Around 3.5% of Americans identify themselves as Lesbian, Gay, Bisexual, or Transgender.
The LGBT youth are at a higher risk for substance use, sexually transmitted diseases (STDs), cancers, cardiovascular diseases, obesity, bullying, isolation, rejection, anxiety, depression, and suicide as compared to the general population.
LGBT youth receive poor quality of care due to stigma, lack of healthcare providers’ awareness, and insensitivity to what the LGBT community needs are.
Young LGBT individuals find it difficult to report their sexual identity to their health care providers and families. Some health care providers are not well trained in LGBT issues.
A study conducted in Washington DC showed that 68% of sexual minority youth reported about not discussing their sexual orientation, and 90% reported reservations about reporting them to their clinicians. The lack of training can strain the therapeutic relationship between the providers and patients. Therefore, it can influence the quality of care and appropriate delivery of health care.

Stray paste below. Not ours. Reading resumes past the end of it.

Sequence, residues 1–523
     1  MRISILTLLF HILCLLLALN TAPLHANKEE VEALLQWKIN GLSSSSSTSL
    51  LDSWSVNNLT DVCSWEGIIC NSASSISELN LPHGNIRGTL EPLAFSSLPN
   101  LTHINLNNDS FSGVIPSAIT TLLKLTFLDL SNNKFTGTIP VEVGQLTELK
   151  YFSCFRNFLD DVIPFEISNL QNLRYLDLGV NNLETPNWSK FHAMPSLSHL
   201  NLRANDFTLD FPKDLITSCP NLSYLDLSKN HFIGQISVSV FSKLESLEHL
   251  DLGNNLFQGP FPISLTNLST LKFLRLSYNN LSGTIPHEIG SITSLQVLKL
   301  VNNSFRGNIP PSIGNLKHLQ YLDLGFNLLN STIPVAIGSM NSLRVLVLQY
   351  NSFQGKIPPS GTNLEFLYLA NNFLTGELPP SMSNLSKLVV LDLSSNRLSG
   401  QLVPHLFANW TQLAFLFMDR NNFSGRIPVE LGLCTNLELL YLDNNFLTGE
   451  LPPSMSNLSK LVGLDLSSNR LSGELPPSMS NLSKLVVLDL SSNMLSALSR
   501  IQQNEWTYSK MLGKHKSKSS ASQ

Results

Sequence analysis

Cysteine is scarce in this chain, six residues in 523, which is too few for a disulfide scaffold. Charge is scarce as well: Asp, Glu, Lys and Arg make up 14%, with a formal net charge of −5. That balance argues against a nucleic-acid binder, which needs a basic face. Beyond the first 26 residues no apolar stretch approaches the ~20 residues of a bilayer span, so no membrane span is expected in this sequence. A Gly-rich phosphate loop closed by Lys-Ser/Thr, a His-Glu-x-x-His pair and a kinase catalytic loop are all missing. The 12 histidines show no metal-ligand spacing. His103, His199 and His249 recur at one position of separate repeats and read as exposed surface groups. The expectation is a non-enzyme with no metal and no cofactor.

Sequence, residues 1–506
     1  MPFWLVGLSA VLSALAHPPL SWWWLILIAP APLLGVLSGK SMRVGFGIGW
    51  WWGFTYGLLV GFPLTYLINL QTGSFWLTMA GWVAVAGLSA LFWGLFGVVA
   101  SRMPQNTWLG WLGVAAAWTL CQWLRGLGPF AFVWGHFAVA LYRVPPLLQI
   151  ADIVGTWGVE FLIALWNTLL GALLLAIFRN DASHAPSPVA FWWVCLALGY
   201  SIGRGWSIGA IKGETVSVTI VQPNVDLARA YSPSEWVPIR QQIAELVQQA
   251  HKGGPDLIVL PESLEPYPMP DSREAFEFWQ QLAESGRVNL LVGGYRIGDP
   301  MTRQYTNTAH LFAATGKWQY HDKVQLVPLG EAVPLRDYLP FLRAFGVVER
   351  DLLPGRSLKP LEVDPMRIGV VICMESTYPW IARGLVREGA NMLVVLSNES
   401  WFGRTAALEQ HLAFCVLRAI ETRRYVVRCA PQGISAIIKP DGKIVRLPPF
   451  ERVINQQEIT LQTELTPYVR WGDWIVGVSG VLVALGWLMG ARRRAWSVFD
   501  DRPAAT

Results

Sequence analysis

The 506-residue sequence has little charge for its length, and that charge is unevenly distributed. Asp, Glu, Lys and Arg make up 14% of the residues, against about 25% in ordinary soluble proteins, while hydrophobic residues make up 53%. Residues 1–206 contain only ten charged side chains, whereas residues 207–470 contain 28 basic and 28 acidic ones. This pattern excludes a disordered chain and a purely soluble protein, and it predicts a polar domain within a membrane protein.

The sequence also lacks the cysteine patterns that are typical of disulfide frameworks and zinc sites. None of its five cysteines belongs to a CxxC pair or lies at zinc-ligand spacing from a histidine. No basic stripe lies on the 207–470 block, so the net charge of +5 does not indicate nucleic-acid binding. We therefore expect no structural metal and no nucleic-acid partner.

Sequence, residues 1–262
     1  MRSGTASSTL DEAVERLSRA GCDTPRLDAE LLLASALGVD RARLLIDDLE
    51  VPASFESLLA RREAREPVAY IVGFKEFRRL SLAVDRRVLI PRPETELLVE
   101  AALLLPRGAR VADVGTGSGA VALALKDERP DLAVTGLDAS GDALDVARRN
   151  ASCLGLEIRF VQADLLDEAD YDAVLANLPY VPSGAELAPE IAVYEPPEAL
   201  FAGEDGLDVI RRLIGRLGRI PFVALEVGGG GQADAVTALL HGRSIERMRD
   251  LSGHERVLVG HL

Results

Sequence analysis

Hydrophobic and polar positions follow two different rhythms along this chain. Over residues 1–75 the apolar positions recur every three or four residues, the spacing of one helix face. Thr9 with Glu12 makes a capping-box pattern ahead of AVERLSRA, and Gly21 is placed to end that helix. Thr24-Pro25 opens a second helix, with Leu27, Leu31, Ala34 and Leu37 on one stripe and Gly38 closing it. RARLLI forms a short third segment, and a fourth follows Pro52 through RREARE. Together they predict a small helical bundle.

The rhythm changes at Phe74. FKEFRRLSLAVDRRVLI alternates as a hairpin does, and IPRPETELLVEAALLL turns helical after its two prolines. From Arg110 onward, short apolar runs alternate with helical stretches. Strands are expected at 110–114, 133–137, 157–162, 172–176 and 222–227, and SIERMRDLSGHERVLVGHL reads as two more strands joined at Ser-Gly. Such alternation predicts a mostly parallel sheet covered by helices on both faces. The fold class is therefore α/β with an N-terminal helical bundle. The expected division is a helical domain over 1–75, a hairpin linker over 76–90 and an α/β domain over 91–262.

If you add special health care needs in with LGBT issues it will be hard for youth to open up to a health care provider about his or her sexuality, medical diagnosis, and daily symptoms.
- Make sure Children and Youth with Special Health Care Needs are comfortable with their health provider to share anything with them, it will only help aid in the care for them.
- Have them write things down before they go into the office to make sure everything is being discussed.
- Ask the health care provider how they feel about LGBT topics to see if this is the health care provider for you.
It’s important to make sure you and your health care provider are on the same page when it comes to your health care and you can be open about who you are to better your treatment options.